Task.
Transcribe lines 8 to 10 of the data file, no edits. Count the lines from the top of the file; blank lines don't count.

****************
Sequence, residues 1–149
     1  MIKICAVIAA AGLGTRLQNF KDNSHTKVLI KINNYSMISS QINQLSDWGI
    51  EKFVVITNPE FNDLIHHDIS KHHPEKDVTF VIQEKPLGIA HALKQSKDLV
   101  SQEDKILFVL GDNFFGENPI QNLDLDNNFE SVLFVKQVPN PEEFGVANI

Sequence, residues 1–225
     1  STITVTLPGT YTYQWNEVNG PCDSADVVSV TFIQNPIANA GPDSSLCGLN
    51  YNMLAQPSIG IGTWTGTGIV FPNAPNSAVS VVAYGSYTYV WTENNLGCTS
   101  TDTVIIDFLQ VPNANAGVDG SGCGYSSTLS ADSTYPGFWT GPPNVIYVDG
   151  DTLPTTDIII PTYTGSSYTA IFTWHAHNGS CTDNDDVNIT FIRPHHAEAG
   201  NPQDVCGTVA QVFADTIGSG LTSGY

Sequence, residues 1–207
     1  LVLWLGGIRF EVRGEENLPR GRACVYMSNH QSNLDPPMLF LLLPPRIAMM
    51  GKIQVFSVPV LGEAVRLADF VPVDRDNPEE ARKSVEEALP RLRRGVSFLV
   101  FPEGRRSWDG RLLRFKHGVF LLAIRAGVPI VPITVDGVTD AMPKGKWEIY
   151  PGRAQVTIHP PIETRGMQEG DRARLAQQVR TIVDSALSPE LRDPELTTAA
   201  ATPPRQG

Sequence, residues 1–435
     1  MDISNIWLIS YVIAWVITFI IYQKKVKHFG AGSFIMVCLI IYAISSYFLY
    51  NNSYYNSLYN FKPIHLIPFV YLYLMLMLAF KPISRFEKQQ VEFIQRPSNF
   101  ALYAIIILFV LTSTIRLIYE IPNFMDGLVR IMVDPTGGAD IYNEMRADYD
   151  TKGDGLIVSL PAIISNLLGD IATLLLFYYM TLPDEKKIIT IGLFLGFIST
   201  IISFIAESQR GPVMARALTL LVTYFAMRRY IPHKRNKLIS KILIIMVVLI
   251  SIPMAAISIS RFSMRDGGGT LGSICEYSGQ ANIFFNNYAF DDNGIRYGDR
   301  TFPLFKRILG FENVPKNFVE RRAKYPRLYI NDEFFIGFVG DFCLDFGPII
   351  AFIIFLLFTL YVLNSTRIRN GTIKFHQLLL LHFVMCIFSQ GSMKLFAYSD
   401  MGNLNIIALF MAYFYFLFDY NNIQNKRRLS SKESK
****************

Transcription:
   101  TDTVIIDFLQ VPNANAGVDG SGCGYSSTLS ADSTYPGFWT GPPNVIYVDG
   151  DTLPTTDIII PTYTGSSYTA IFTWHAHNGS CTDNDDVNIT FIRPHHAEAG
   201  NPQDVCGTVA QVFADTIGSG LTSGY